As my tagline states, this blog is ‘a place to practice the craft’. I meant the craft of writing, but it could also be the craft of living, engaging, witching, mothering. Launched a handful of weeks after the birth of my son, it has been many things — a creative outlet during the long days and nights of new motherhood, a digital sandbox to hone my writing craft, a place to find a writing community and make what are now old friends, a path to tread tentative steps toward intentional and ‘professional’ writing, and a repository for parenting mementos that I’m already grateful for, seven years on.
Those mementos include a post for each of Ruben’s birthdays. Number one was small on fanfare but big on joy; two a day of firsts with first tram ride and aquarium visit for him, first foray into fondant foolery for me; three was spent on the half pipe and dirt mounds of the skate park, inspired by his prodigious way with wheels; four an epic piñata and a dinosaur theme; and five, marveling at the wonders of the universe and his mamma’s baking skills as he sliced through an astronaut helmet cake to discover a solar system within.
On Day 12 of my Iso calendar, also known as Wednesday March 25, 2020 in the now nonsensical Gregorian calendar, I heard an interview I’d recorded on January 26, 2020 BC (Before Covid) with Lucy Armstrong on The Upshot. It aired on MainFM, my local community radio station. If you didn’t catch it, you can stream it anytime on Mixcloud.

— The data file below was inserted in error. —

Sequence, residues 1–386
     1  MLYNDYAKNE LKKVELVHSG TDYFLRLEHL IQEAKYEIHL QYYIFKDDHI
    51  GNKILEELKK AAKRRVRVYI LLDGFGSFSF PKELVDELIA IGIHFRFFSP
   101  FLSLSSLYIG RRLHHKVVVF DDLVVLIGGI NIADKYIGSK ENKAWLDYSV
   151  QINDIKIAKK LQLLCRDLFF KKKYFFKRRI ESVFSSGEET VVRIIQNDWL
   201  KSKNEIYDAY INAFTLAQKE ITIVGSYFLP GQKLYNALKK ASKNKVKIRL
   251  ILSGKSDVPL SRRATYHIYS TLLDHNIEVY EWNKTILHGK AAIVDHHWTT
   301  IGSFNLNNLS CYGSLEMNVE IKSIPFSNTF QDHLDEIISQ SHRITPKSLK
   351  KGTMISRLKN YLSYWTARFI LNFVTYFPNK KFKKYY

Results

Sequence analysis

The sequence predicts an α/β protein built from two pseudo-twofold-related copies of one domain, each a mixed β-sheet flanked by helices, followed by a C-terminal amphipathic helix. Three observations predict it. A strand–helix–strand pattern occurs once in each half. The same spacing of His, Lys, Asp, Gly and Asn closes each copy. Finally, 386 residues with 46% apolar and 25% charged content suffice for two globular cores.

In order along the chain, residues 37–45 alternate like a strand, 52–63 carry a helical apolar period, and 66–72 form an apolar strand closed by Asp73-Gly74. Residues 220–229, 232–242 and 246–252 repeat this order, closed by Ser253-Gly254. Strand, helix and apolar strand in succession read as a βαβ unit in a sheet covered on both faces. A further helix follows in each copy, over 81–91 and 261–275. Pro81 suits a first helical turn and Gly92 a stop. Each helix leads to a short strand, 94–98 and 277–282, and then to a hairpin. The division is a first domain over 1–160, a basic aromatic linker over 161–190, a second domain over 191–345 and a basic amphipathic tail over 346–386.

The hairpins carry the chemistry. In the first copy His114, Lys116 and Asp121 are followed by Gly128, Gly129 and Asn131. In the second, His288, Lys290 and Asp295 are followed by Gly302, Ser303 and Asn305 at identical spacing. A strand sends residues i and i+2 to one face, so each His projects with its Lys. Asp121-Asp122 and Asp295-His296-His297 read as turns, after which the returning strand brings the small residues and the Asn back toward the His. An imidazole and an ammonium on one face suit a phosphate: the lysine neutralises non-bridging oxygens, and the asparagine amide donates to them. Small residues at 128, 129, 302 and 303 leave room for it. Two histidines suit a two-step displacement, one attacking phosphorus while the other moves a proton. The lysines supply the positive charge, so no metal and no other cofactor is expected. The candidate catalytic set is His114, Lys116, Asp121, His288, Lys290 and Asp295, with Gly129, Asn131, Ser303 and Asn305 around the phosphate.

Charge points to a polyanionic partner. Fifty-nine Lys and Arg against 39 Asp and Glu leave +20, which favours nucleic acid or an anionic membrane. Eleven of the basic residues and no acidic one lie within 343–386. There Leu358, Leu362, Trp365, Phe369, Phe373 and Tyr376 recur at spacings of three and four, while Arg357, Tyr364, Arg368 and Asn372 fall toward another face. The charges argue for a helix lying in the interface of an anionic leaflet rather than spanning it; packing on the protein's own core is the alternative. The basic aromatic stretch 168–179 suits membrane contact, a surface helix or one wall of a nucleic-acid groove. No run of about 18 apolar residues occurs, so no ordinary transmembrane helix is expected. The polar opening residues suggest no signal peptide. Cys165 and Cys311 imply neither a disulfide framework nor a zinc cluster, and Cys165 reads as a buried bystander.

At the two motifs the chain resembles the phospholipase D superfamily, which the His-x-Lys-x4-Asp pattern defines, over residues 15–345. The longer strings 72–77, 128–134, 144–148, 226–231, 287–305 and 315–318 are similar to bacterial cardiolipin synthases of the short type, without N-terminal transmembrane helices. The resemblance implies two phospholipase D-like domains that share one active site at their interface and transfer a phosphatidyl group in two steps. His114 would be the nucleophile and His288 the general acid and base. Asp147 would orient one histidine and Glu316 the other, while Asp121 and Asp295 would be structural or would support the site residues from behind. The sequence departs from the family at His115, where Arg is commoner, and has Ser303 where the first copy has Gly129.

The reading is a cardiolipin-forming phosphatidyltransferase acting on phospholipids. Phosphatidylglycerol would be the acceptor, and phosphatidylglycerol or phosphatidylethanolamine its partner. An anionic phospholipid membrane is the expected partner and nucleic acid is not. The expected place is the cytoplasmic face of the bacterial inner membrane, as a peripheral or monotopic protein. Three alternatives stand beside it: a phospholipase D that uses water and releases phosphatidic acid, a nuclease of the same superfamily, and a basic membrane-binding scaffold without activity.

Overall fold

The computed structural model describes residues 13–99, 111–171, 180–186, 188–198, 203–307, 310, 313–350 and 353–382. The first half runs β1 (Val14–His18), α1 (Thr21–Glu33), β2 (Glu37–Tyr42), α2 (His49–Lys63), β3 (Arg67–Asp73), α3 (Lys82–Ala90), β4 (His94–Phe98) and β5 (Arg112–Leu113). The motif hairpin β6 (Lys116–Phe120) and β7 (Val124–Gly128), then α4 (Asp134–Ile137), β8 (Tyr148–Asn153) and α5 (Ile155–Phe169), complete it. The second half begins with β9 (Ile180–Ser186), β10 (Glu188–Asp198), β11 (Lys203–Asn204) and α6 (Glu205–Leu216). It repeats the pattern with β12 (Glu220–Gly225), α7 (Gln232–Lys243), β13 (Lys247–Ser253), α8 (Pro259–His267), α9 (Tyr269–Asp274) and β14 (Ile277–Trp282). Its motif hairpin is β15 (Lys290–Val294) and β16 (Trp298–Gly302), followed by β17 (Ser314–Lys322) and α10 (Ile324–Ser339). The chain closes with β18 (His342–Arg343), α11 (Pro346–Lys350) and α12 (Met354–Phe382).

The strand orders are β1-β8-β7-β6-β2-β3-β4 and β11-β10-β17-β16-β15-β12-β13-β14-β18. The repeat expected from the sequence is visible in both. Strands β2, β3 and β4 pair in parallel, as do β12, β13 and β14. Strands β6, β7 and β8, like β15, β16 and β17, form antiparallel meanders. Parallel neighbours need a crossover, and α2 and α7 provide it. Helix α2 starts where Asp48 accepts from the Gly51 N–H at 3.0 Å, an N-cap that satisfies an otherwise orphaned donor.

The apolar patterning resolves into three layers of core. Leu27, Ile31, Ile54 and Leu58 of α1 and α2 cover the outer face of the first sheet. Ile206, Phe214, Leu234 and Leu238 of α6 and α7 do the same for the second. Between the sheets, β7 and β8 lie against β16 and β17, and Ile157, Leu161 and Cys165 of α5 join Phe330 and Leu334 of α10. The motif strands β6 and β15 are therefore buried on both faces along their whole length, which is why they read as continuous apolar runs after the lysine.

The premise of the show (also hosted by Kya) is a casual chat with locals to Castlemaine and surrounds, asking the same handful of questions, culminating in the biggie— the meaning of life. The interviewee chooses music that holds special or significant memories. For one of the questions, I went on a bit of a musical rabbit hole to pin point the Ethiopian music I used to hear as a child far from my first home, music played by my mother that filled me with a longing I couldn’t place, and strangely, feelings of joy and sadness simultaneously. Even as time eroded my grasp of Amharic and I could no longer understand the lyrics, those songs struck at something deep inside me. After failing to find just the song that did it, I looked into the word ‘tezeta’ which popped up from some rarely visited nook in my mind. Bingo! Tezeta is not only the style of music I was thinking of, but the title of many songs in that style by a range of musicians. Continue reading →